DisclosureThere are three main types of disclosure. A standard disclosure is usually used for those who are looking to get involved working in some capacity in the proximity of children, young people and vulnerable adults and can also be sought by others where you may be working in other sensitive areas or where there are issues of safety and security involved. A standard enclosure will reveal both current and spent convictions alongside any reprimands or cautions which are held on the police national computer and, if the post involves working alongside children, DBS checks will also extend to any information held by the Department of Health and the Department for Education and Skills (DfES). An enhanced disclosure is an even more thorough check and is used for those who are seeking either paid or voluntary work with children or vulnerable adults in which they will have direct contact with those who could be at risk. Issues such as a role which calls upon you to be in sole charge or regularly caring for or training or supervising vulnerable adults and children will usually be asked to have an enhanced disclosure carried out on them before being offered a position of this kind. It will use the same procedures for gathering the information as a standard disclosure but will also include any additional and relevant information held by local police forces. Lastly, the enhanced with checks disclosure is like the enhanced check, but includes a check of the DBS barred lists(previously called ISA barred lists) of individuals who are unsuitable for working with children and vulnerable adults and takes about four weeks.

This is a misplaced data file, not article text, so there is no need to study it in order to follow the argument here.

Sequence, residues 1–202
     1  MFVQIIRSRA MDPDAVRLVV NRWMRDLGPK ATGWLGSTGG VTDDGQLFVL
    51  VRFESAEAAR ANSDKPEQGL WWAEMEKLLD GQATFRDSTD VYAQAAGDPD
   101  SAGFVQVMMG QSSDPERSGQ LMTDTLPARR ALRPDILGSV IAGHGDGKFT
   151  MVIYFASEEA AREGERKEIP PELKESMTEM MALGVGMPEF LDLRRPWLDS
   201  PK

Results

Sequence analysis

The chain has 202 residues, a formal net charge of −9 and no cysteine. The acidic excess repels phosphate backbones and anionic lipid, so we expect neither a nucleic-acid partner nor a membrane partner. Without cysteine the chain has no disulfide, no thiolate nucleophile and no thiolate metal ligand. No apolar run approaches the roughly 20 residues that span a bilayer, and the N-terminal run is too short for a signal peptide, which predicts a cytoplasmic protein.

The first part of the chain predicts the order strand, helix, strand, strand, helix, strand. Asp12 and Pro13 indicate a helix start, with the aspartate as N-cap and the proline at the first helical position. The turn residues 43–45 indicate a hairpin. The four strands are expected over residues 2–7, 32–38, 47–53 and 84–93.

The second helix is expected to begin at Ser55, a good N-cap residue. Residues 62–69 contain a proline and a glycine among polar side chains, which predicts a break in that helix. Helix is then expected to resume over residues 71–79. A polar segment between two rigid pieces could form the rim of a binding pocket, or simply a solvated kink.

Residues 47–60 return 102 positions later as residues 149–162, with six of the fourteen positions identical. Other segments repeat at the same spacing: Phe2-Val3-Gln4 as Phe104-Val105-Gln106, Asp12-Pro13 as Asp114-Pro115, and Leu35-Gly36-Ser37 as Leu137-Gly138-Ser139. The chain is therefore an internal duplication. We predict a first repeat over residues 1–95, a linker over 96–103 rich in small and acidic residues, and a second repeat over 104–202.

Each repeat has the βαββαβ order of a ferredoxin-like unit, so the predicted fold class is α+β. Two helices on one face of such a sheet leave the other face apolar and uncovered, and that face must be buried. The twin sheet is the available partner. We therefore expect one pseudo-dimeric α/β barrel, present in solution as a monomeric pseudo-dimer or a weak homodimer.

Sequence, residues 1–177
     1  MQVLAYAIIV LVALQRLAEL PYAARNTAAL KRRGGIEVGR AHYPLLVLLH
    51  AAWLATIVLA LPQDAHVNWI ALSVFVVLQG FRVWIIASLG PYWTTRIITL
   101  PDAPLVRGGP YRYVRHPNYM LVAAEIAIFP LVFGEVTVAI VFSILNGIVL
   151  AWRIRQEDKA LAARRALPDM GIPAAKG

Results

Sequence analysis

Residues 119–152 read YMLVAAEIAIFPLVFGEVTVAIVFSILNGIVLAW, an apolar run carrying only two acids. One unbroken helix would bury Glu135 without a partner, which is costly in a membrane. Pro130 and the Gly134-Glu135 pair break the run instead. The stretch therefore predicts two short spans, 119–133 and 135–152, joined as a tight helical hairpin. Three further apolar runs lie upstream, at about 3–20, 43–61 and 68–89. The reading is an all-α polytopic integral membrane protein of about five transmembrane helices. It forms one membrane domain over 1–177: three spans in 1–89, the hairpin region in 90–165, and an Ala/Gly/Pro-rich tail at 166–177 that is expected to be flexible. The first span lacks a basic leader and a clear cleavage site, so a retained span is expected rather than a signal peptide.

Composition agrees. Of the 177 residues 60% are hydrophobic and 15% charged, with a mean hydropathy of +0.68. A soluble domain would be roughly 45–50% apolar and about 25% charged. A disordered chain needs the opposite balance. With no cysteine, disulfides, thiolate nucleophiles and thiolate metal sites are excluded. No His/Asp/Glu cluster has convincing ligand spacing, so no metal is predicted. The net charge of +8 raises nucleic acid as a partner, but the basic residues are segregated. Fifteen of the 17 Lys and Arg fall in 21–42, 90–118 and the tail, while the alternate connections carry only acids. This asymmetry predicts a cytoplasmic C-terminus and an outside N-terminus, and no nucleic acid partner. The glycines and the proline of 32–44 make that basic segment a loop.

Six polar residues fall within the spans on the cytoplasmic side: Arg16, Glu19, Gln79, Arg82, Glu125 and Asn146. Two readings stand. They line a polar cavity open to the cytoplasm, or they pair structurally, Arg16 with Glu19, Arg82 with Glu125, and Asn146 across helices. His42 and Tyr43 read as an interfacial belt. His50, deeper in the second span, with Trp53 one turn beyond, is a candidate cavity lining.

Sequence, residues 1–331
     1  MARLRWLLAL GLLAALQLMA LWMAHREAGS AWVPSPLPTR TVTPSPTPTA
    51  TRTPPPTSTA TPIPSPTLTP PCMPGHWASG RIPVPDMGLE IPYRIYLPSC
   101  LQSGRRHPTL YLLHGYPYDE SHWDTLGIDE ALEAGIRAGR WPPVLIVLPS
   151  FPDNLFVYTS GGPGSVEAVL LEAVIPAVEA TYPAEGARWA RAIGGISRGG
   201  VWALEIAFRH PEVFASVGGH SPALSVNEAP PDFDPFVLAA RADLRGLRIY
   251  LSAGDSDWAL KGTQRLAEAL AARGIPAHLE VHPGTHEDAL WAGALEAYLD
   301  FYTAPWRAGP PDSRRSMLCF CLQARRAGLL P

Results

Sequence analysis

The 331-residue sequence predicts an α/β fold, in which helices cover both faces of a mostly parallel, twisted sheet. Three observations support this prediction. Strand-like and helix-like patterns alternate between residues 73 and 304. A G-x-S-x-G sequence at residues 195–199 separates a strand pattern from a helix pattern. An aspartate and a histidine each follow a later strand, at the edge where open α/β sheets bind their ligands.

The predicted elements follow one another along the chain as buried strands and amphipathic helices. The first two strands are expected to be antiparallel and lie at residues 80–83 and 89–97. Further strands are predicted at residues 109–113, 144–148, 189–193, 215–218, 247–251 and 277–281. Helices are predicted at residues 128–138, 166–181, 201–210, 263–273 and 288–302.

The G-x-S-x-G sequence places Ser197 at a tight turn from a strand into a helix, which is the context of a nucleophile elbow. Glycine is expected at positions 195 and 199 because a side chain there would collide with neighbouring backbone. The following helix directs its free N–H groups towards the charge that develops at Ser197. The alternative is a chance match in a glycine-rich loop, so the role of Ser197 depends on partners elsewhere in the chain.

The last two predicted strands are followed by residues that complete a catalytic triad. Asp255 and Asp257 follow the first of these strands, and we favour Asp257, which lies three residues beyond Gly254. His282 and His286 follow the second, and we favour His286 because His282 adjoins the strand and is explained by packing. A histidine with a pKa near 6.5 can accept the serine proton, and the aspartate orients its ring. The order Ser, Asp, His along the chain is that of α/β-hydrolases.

If you are unsure about DBS checks, speak to the organisation first before submitting an application as it may not be productive to apply if you’re going to fail a DBS check. However, rest assured that even if you have criminal convictions, you should not be put off from applying for voluntary work as charities and other voluntary organisations will actively look to recruit people from all backgrounds, including those with criminal convictions as they understand the dynamic of having volunteers from all kinds of backgrounds and even those with a criminal record can, in many cases, offer a level of support to voluntary organisations that is so sought after in terms of having personal experiences which have given them so many positive qualities often as a result of past criminal activity from which they have learned to become a more positive and productive person with so much to offer.